Paul: I know yeah, but I don't think that's what it's about. I mean it's happening in the Czech Republic and they don't eat those creatures. You know it's happening all over. If you ever get round to seeing the film what anyone who is interested should do is check out Heather's website which is heathermillsmccartney.com and there you can see the gruesome details and it's not just to eat them. It's actually a very cruel practise and to me I think it's just medieval, it's barbaric and I think a nation like ours that has Crufts doesn't actually want to the next day see these creatures as hand bags and fur coats.
Michael: I think a lot of people would be unaware that this is going on. This is the point.
Paul: Well exactly and that's why I've had to say that I wouldn't go there. Until they stop it.
Michael: OK and going back to the music or rather the writing. When you were a kid what did you read? What inspired you?
Paul: Treasure Island, Black Beauty a lot of comics.
Michael: Was there any time at that period in your life when you thought you might be a writer rather than a composer and musician?
Paul: Not really no. I think you know, I always had ambition to be something good, I didn't know what it would be, you know, I was always quite ambitious. But I wouldn't buckle down at school, like a lot of people. The teachers didn't help. We had some right perverts as teachers, they used to beat the living 'sh' out of you. There was one guy used a plimsoll, you know, bend over. Wallop. I had a lot of that because I was a bit too cheeky but as for ambition I always wanted to be a writer a songwriter.
Michael: But you were a bit different weren't you? What you're expressing there is the kid who is different. You can't have the gifts that you've got and be normal.
Paul: Yeah. Well I think it's true. They used to accuse you of daydreaming. At the time sounded like a terrible thing to do but you actually think about it now you were actually thinking beyond the classroom. Now I don't want to advise any kids to do this, buckle down, get your exams kids!
Michael: But it's something you're unaware of at the time but when you look back on it, it is the beginning of a creative process. In this album which you've done you play all the instruments.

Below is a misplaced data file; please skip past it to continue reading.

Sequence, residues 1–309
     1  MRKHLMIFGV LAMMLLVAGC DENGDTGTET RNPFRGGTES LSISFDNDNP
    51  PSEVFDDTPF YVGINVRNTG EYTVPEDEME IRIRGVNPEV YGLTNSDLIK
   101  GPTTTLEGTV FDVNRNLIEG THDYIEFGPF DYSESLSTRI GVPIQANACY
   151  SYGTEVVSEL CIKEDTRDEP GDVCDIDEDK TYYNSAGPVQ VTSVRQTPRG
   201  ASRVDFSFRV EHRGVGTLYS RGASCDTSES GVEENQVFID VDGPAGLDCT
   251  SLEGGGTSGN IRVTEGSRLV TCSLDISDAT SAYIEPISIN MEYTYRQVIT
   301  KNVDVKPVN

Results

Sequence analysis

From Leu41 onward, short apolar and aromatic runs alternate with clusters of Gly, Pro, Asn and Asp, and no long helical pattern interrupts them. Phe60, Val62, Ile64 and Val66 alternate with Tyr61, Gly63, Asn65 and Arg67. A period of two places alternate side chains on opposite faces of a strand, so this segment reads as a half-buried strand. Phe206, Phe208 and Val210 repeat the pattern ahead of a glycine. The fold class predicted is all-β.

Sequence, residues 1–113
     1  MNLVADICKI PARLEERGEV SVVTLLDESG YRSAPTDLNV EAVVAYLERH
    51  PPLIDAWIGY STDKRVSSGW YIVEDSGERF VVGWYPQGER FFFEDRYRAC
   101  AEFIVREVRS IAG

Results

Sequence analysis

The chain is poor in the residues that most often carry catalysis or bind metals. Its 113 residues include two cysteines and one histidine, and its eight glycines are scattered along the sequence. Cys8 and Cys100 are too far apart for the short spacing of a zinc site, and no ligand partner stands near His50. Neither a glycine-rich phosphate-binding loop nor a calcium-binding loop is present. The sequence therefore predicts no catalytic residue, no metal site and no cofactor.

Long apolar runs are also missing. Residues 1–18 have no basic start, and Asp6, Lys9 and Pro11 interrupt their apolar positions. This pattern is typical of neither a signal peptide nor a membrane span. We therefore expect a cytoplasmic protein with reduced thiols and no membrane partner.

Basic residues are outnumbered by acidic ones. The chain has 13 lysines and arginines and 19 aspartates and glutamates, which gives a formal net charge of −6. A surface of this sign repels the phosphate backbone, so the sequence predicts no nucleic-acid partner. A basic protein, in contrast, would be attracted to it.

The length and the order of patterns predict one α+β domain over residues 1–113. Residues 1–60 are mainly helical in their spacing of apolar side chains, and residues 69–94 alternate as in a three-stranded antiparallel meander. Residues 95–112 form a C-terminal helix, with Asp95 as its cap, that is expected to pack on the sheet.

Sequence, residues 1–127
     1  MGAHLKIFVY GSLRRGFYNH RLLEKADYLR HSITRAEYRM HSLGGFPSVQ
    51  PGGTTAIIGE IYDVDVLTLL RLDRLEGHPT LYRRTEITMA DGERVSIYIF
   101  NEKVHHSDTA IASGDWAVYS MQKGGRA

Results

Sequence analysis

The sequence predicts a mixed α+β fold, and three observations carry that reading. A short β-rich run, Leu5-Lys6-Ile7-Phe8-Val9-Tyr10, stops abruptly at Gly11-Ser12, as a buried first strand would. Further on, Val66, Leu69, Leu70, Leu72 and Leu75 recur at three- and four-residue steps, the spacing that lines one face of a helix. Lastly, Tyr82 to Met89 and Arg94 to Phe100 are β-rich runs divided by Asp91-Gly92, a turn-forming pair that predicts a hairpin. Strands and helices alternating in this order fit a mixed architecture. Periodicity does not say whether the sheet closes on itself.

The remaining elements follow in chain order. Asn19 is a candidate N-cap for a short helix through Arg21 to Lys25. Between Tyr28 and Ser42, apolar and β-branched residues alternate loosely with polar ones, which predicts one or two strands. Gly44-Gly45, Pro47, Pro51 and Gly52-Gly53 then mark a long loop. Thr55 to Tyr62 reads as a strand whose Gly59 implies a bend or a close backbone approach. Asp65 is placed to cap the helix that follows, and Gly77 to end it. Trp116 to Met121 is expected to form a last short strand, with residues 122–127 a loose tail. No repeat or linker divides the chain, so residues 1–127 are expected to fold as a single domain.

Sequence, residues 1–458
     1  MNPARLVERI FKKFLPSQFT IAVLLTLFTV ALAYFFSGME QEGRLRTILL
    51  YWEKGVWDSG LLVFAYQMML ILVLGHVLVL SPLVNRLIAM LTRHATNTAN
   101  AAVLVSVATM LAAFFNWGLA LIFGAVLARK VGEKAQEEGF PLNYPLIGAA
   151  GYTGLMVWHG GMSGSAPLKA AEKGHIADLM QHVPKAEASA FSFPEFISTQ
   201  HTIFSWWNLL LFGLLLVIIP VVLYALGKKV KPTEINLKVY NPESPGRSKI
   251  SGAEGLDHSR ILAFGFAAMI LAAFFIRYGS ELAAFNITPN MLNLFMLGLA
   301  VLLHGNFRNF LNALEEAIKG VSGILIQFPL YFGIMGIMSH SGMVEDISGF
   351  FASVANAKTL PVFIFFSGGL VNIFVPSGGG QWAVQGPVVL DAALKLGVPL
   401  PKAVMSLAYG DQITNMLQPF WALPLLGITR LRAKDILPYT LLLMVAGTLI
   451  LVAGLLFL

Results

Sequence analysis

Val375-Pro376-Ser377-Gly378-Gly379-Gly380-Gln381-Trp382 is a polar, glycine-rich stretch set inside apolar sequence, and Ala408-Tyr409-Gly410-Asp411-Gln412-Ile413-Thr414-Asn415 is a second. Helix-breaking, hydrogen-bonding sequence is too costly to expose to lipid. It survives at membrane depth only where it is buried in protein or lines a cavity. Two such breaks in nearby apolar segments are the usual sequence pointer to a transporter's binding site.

Paul: I play a lot of them yeah, that was the producer, Nigel's idea. I was actually geared up to play with my band, you saw on tour there but he said, the second week, I want to try something a bit different. So he got me drumming a bit, which I love to do and I think the trick for me, thinking about if afterwards, I think what happened was that I write the songs, I bring them to the studio and then the drummer kind of takes over and he writes the drum part where as if I play it I'm still kind of composing. I'm still writing the guitar, the bass, the drums so I'm composing a little longer into the album.M: But you play flugle horn or something!
Paul: I play flugle horn but it was good to do. I wouldn't play it live, I'd fluff every note but we were recording so I would wangle it in.
Michael: But talking about the album, let's have an indication of a song, a lovely song called Jenny Wren. This is recorded while you're on tour in America.Jenny Wren (Applause)
Michael: What was the, there's a lovely line in one of the songs, it's kind of sums up the album, you say, 'Looking through the back yard of my life, time to sweep the fallen leaves away.' It's a nice image.
Paul: Thank you yeah, that's a sentiment that now applies.
Michael: As you get older and more mellow.
Paul: More mature yeah! Yeah it's a good thing yeah. When you're eighteen you know, you don't wanna cry in case one of your mates catches you. I mean my life was, I'd lost my mum a few years before that. John had lost his but you wouldn't cry because you were eighteen-year-old Liverpool lads and you didn't do that kind of thing. I think now you know it's a good thing to do that and to open up to those emotions. That's the way I feel anyway.
Michael: When you're reminded and revisited by the memory of John, like we are now with the twenty-fifth anniversary of him being murdered. That would, I imagine, have a profound effect upon you.
Paul: Yeah, of course. I mean, it's so tragic the circumstances in which he died, number one. You wouldn't even have to know him for it to have a profound effect on you. But if he's one of your best mates that's very shocking. But you know what I find myself doing is remembering the great stuff. Remembering the laughs and the hysterics. I get an image of the two of us walking around where we used to live with our guitars slung on our backs, before The Beatles, before anything had broken. With our drainpipe trousers, you know, well 'ard. You know we didn't know anything was going to happen but we just felt great and you know my mind goes back to all of that. Rather than the sad stuff.